‘Midnights’ will keep you wide awake even after the clock strikes 12

November 7, 2022 — by Jason Cheng and Hannah Lee
Swift released a total of 20 new songs on her new soundtrack “Midnights.”
Taylor Swift continues to project songs about love, heartbreak and self-growth through darker, increasingly mature vocals and lyrics as she explores new sounds and electric beats disguised in mainstream pop.

Following what many call her “Folklore” era, Taylor Swift released a much more electrifying and slightly controversial 10th album, “Midnights,” at midnight on Oct. 21. That same day, Spotify announced that the 11-time Grammy winner had broken the record for the biggest album streaming debut in a single day. 

When Swift first announced “Midnights” on Aug. 28 at the 2022 Video Music Awards, she described the album as consisting of “the stories of 13 sleepless nights scattered throughout my life.” “Midnights” is a sleek, synth-pop album produced by Swift’s longtime friend and frequent collaborator Jack Antonoff, and it marks her “return to pop music.” 

With the melancholic concept album of “late night,” even the loudest tracks are subdued with murky electronic grooves. Swift unpacks her past and current romances, deepest doubts, personal battles and grants advice to listeners. It’s best-enjoyed when driving home late at night, creating the perfect mood for self-reflection. 

In the witching hour after “Midnights’” release, Swift demonstrated her love for her “cat and mouse” release games, as she dropped seven more songs at 3 a.m, which she calls “Midnights (3 a.m. Edition)”.

In total, Swift released 20 new songs, in which the themes of “Midnights” are perfectly encapsulated throughout the soundtrack.

While Swift’s vocals are her strongest to date on the album, her recent albums — “folklore,” “evermore,” and “Red (Taylor’s Version” — contain some of her best lyrics, giving “Midnights” a tough act to follow. “Midnights’” lyrics are almost conversational, as if she is spilling some of her most conflicted and personal moments late at night.

Opener “Lavender Haze” is an airy, upbeat, electronic-infused track that mirrors her style of the song “False God” from her “Lover” album. 

While some fans who call themselves “Gaylors” interpret the song as a coming-out track, in an Instagram post, Swift explained to fans that “Lavender Haze” is a phrase she came across watching the show “Mad Men,” which is set in the 1950s. The phrase was used in the ‘50s to describe being in love. 

The lyrics reveal Swift’s struggles trying to fall in love while constantly being under the gaze of sometimes misogynistic public opinion, singing “The only kind of girl they see / Is a one-night or a wife.” With a dance-inducing, thumping effect, “Lavender Haze” is the perfect way to introduce the intense experience “Midnights” provides. 

Color is a recurring motif throughout Swift’s music, and “Midnights” is no exception. In contrast to her 2012 song “Red,” “Maroon” is a slower, more mature sequel, painting love as the color of deep red, or the “rust that grew between telephones.”

Some of our favorite tracks that round out the album’s glinted soundscape are “Question…?” and “Bejeweled.” “Question…?” sampled Swift’s 2014 “1989’s” single “Out of the Woods,” as she reflects the “what-ifs” of her past relationships in a bouncy chorus.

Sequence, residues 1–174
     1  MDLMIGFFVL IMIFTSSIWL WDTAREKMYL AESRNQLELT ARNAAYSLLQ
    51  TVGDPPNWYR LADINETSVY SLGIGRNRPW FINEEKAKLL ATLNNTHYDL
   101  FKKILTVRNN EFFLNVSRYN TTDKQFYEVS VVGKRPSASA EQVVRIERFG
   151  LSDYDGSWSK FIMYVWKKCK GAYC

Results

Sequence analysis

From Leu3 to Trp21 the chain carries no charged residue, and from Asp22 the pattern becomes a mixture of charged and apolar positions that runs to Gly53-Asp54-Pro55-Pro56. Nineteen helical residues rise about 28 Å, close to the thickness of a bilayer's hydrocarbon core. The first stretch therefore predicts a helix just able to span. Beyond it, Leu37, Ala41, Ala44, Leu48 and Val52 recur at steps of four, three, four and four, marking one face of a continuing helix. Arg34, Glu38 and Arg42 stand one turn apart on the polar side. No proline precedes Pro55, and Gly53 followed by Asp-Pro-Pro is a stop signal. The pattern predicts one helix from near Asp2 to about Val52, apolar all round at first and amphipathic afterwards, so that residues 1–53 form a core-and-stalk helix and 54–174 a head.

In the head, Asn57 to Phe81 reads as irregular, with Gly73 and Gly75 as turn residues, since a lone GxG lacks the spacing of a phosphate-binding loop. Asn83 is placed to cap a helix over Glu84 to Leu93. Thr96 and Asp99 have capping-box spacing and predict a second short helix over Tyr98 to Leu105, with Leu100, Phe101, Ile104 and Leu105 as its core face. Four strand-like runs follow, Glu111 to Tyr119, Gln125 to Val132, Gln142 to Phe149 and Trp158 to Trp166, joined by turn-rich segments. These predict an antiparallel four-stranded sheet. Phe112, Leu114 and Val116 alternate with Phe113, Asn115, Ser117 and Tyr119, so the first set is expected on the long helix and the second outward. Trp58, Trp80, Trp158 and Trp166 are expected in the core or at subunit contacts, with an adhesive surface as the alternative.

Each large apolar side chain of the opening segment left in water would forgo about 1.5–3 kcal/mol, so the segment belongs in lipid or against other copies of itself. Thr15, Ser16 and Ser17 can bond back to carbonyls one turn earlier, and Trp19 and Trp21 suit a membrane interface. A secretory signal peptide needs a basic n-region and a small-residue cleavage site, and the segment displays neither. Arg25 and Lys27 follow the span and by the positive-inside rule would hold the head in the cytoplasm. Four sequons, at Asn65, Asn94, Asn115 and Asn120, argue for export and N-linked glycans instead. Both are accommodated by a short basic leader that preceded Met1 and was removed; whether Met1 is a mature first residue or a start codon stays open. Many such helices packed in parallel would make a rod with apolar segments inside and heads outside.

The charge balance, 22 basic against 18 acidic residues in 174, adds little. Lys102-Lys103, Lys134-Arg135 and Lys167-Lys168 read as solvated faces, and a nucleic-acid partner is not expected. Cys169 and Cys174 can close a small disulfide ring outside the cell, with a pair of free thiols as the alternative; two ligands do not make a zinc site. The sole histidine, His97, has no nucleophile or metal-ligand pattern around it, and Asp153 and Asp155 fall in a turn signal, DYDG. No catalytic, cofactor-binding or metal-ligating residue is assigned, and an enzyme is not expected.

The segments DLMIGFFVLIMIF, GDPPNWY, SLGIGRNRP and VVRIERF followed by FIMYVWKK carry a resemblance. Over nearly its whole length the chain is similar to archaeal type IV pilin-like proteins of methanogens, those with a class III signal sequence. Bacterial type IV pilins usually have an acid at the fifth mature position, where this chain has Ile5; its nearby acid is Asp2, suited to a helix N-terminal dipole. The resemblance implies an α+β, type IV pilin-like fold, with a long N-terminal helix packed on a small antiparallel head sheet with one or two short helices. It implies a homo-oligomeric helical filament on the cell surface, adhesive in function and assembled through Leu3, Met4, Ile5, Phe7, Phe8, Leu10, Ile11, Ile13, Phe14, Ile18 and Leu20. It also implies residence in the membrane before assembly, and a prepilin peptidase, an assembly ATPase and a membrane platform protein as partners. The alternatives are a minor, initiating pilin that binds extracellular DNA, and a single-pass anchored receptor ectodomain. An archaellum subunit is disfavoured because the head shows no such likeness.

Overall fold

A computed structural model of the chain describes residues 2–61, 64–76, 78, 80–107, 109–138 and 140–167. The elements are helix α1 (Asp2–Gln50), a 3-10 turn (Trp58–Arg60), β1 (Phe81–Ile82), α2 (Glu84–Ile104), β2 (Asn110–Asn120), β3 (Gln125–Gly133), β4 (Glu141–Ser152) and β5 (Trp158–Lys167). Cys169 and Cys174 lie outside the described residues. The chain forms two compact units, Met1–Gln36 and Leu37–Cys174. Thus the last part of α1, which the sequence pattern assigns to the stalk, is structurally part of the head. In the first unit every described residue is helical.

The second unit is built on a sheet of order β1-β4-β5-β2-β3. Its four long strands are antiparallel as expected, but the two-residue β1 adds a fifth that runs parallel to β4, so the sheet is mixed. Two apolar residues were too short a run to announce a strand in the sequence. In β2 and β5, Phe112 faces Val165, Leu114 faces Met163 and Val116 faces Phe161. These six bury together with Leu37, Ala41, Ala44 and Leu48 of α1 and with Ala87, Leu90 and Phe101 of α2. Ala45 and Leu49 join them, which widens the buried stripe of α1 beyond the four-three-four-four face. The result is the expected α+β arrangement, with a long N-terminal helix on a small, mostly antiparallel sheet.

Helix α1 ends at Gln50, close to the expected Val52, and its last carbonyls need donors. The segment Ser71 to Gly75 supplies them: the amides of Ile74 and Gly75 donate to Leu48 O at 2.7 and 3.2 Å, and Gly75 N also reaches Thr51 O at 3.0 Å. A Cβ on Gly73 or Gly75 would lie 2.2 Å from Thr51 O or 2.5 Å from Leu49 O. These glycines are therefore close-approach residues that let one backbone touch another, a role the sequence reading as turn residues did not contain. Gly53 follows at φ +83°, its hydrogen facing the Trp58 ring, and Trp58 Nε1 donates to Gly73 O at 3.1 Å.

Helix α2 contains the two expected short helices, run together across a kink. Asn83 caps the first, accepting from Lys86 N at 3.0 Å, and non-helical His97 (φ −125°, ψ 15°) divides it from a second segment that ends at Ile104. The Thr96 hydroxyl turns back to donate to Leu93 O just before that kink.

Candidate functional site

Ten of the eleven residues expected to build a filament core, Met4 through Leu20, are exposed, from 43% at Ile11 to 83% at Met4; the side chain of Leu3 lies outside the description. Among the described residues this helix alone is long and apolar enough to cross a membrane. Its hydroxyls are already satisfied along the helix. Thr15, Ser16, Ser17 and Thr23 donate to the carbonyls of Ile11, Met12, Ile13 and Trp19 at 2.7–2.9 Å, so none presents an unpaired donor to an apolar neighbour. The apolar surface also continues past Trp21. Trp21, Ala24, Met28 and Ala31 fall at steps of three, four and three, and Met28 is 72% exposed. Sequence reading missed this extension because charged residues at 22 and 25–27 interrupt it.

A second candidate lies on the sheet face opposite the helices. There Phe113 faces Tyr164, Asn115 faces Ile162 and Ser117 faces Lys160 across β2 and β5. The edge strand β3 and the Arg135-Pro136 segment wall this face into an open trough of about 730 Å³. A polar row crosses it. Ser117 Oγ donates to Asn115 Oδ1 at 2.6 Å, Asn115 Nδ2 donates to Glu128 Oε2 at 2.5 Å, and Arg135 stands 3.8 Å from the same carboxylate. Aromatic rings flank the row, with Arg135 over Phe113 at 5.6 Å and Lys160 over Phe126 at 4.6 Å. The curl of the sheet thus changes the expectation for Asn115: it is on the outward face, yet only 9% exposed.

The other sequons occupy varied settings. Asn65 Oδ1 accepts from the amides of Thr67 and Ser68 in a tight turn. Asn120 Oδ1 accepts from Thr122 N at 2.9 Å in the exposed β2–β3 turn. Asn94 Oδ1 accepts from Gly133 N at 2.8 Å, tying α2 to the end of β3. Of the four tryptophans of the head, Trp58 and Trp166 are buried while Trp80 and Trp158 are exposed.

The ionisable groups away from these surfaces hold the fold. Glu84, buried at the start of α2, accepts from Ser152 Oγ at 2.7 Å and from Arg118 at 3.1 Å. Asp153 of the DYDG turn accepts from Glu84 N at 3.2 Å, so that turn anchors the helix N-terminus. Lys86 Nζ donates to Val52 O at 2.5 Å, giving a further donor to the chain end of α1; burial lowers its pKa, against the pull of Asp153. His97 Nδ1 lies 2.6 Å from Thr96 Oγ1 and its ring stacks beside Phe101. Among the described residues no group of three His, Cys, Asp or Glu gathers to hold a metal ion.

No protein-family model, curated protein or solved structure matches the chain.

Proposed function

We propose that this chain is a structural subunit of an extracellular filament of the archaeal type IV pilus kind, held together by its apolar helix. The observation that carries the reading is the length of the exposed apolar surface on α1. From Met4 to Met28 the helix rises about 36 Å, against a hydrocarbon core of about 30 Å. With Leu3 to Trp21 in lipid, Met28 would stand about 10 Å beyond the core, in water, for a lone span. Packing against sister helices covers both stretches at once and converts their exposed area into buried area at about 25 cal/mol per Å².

“Bejeweled” is a fresh, crystalline pop-song standout, reminiscent of her song “Gorgeous.” Though many of our friends saw it as “too Disney” or “weak” for their taste, putting it at the bottom of their rankings, we found the poppier Disney swell right up our alley, following the overall message of warning a guy that she has the capacity to light up rooms if he doesn’t pay more attention.

“Midnights” surely contains some of Swift’s most profound and even slightly questionable lyrics. Highly anticipated lead single “Anti-Hero” is an example of this, as she sings, “Sometimes I feel like everybody is a sexy baby/ And I’m a monster on the hill.” In the chorus, she sings “Hi, it’s me. I’m the problem, it’s me,” shedding light to realizing that it’s OK to admit that one may be in the wrong and have things they need to work through. 

One of the tracks that fell the most short on the album for us, was “Vigilante Sh*t.” The lyrics and opening line “Draw the cat eye sharp enough to kill a man,” comes off as overly aggressive and lacking depth, almost like an attempted copy of Billie Eilish’s “Bad Guy.”

“Midnights” marks a solid return to the pop genre for Swift. Because it’s a “late night” album, “Midnights” may not come across as a universal album that can be listened to at any time of day. Parts of it are edgy and ignite feelings of burning revenge like “reputation,” while other songs are more dreamy and reflect “Lover,” or “1989.”

Though the subtle melodies of “Midnights” may take time to appreciate, the album is almost like a quiet shade of magic, and bound to grow on listeners with repeated listens. 

There’s more than one edge to “Midnights.” It can be a space to revel and disconnect with its dreamy flow, or it can be  haunting, revelatory and doomful, as fragments of reality seeps in with each ticking second.